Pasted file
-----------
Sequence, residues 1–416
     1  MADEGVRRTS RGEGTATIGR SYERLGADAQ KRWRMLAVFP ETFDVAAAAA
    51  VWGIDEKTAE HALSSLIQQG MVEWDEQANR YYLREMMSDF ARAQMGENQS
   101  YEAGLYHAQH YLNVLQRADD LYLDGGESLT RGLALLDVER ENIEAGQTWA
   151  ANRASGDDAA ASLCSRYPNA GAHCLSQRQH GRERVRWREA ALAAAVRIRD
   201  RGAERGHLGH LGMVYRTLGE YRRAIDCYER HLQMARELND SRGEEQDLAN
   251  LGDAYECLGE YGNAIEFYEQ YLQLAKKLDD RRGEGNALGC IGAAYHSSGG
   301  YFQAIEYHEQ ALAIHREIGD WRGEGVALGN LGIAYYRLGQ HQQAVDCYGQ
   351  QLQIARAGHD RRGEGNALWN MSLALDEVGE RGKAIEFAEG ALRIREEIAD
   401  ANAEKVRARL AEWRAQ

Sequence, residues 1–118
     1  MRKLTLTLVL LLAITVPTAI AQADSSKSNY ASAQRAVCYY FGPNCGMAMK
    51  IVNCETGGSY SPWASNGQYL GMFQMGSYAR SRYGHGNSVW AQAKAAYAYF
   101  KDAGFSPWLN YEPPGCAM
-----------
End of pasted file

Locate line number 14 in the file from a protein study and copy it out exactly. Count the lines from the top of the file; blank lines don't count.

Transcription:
   101  KDAGFSPWLN YEPPGCAM